This is my very last minute response to the January 2020 Carnival of Aros, on the subject of “New“, in celebration of my shiny new aro/ace/queer pride swag from the holidays this year.
When it comes to allyship, there’s a lot of talk about the big asks that absolutely vital to being a good ally, like talking time to educate yourself about what it means to be aromantic (or ace, or queer, etc.), trusting people with their own evaluation of their identities and experiences, respecting their labels and chosen relationships, not being cruel or mocking their experiences, not kicking them out, defending them from people who do get hostile, etc.
But once that bare minimum is met, I think one of the things that can make a big ongoing difference is the little, fun, positive things that you can do that show that you haven’t forgotten what my identity means to me, and that you are willing to put in some work to actively support me rather than just agreeing to live and let live in whatever way requires very little work.
To that end, I want to share a few brief anecdotes about some the little above-and-beyond things that friends and family have done for me as allies, that went a long way in making me really feel supported and accepted, in the hope that they might serve as inspiration for anyone who wants to be a better ally to their own friends and family:
- This Christmas, my sister got me an ace oddish bag from redbubble (additional thanks to whatever artist already knew to fill that incredible specific niche!), and my cousin got me rainbow earrings from a local queer artist and picked out special rainbow yarn she used to knit me a subtle rainbow pride scarf.
- At anime conventions, my friends have started pointing out to me any ace or aro gear that they spot in the artist alley (of which there are surprisingly a lot of offerings these days) – I have a shiny new aro flag pin (with holo glitter!) that I was only able to find because a friend spotted them, thought of me, and sent me a message to let me know where to look.
- A couple years ago, when mentions of asexuality in the media were even more rare, my mom once heard someone mention asexuality on an NPR show and got so excited that she pulled off the freeway at the first exit to call me and let me know, because she couldn’t wait until she got all the way home.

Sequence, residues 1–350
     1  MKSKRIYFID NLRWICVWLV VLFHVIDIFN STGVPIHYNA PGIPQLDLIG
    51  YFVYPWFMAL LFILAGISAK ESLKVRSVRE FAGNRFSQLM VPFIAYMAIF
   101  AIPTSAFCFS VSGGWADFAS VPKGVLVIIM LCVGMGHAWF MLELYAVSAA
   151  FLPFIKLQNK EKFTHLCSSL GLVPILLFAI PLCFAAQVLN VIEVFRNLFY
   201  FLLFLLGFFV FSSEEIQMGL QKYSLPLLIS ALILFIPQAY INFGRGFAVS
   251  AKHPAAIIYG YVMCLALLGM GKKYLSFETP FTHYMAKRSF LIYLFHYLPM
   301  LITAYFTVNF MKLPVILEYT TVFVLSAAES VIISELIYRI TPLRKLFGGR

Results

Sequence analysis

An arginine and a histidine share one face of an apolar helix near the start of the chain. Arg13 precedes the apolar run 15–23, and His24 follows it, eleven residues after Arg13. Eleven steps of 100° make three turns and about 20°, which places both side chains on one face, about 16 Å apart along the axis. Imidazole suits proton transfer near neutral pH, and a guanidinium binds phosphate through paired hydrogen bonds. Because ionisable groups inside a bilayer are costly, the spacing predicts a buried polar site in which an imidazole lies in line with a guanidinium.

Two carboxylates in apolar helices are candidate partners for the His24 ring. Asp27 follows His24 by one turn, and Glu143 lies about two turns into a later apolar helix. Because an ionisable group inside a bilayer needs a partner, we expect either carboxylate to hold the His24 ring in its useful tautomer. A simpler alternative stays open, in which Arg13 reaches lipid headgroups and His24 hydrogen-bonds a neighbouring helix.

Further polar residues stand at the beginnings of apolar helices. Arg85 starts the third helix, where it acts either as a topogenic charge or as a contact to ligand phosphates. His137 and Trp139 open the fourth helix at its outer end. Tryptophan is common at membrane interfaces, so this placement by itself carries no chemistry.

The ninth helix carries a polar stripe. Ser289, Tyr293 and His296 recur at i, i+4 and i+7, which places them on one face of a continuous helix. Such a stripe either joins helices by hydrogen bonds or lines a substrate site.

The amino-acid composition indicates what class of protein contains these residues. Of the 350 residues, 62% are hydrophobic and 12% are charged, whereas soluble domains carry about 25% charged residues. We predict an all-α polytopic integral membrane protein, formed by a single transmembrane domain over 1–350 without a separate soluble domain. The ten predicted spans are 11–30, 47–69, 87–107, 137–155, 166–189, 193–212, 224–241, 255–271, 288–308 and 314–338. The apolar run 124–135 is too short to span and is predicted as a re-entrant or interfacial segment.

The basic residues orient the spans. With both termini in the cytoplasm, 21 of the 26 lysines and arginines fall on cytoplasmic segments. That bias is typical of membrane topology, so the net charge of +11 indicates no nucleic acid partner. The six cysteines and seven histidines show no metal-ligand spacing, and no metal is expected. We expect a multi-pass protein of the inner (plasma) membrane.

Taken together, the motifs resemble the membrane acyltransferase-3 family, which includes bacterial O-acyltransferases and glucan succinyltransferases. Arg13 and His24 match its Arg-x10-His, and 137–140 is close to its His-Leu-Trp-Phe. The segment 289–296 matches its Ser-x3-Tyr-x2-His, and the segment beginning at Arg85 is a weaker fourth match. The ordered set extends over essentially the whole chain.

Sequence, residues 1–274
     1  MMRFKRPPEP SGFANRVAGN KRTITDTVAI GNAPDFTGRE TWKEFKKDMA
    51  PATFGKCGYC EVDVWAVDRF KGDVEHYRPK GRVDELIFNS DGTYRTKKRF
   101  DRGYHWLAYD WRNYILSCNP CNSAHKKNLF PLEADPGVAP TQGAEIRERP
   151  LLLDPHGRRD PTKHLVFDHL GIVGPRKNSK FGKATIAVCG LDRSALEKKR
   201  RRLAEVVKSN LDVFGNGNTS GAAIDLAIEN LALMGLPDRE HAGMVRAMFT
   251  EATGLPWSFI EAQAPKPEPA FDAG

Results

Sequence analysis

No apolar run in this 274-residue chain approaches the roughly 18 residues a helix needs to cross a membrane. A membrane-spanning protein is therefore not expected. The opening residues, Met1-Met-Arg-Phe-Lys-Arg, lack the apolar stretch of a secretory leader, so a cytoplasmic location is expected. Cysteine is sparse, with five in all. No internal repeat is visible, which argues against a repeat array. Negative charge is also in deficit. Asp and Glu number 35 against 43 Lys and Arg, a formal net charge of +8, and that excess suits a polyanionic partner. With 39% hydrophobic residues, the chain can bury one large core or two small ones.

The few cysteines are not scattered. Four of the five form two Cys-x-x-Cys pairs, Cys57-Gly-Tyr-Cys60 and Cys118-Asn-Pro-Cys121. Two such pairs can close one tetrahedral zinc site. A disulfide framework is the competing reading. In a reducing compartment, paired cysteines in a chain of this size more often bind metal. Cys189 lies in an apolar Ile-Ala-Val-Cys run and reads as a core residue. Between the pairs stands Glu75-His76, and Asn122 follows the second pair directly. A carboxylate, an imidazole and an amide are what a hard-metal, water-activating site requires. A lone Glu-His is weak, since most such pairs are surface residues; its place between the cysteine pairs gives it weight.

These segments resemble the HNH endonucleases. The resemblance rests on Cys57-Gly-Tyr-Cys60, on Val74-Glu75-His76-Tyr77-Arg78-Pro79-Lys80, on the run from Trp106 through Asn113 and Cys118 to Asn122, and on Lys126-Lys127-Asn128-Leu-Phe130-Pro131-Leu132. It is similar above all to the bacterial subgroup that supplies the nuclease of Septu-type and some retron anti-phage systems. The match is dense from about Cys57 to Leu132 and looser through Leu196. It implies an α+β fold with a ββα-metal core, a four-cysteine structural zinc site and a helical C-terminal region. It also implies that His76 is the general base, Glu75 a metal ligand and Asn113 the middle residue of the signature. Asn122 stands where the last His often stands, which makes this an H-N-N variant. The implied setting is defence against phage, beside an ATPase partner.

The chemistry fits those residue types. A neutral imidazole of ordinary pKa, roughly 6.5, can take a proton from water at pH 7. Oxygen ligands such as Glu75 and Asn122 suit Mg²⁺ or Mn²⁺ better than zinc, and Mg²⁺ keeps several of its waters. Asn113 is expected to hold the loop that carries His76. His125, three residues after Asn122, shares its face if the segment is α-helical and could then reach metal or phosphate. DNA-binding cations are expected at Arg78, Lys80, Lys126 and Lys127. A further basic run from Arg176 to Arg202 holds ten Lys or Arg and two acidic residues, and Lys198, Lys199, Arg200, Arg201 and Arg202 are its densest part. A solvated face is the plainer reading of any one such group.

- Later, my aunt heard that I was going to be in a newspaper interview, and managed to find and clip a paper copy and offered to send me one as well.
- When the whole thing about [questionable] asexuality in Death Stranding was going down, my friend who was playing the game took time to let me interrupt their playing to look up all the asexuality file references, and offered to ping me anytime they encountered another reference.
- When one of the members of my local ace group brought in handmade ace pride bracelets, they also made extra aro pride bracelets for anyone who might want one of those too.
- When I took an (in)famously direct student-led class on sexuality at university, the student facilitators were very open and supportive when I needed to find alternative ways to fulfill assignments, and took enough note that at the end of the course they also approached me (unprompted) to ask for help finding a/sexuality and a/romantic orientation related materials to add to the syllabus for future years.
- A couple years ago, my dad and I had a long extended dinnertable conversation about how to adapt civil marriage for alternative relationship styles like friends-with-literal-benefits or polyamory, and I think he might have suggested some even more radical possibilities than I was looking for – I’m fortunately in that my family is one that is super open and in support of these kinds of conversations in general, but this was just one example that really stuck in mind and made me grateful for that kind of open-mindedness.
- I also want to send a special thanks to all of my non-asexual, non-aromantic friends who have repeatedly served as the beta testers for all my work on general surveys and awareness presentations and needed to check if they were understandable from an outsider perspective.
- I have a pair of ace and aro pride pins on my bag, and every couple of months someone in an elevator, or behind me in line at a shop, or in the audience at a convention presentation will notice them with excitement, mentioning that they/their cousin/their kid/their friend just came out as ace or aro and that they’re excited to meet another person out in the wild. Their excitement always makes me excited to see such enthusiastic allies as well.
- Another time, I was waiting for a train and I heard a dad behind me explaining to his young son what each of them meant (including all the pokemon related ones too :)) – which made me proud to know they had clearly taken the time to learn about them, and to pass that knowledge on as well
- Same feelings to all the people who stop by our booths at pride, or at student LGBT conference to grab extra stickers or pins for their ace and aro friends back home who weren’t able to make it.
Even though many of these actions are objectively somewhat small things, they show that these people have remembered my identities, taken the time to learn a bit about it, and have had the presence of mind to actively take the chance to support us when they saw an opening. And cumulatively, they all add up to a lot of support that’s made it much easier to live the lifestyle I want to live without anxiety, and given me the backing I need to continue to do active work even with audiences who might not be so supportive.
If you’re ever in the position to be an ally to someone, consider taking a small steps like these when you find an occasion – a little can go a long way. Also, if anyone would like to share their own stories of little acts of allyship that made their day, I’d love to hear them